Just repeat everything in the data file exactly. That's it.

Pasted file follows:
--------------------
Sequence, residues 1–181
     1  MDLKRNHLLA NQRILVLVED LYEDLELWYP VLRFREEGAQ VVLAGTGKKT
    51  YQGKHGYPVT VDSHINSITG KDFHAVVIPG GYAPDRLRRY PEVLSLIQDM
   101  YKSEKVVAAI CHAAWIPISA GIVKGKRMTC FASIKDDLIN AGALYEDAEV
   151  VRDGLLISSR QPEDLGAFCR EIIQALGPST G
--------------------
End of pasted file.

Sequence, residues 1–181
     1  MDLKRNHLLA NQRILVLVED LYEDLELWYP VLRFREEGAQ VVLAGTGKKT
    51  YQGKHGYPVT VDSHINSITG KDFHAVVIPG GYAPDRLRRY PEVLSLIQDM
   101  YKSEKVVAAI CHAAWIPISA GIVKGKRMTC FASIKDDLIN AGALYEDAEV
   151  VRDGLLISSR QPEDLGAFCR EIIQALGPST G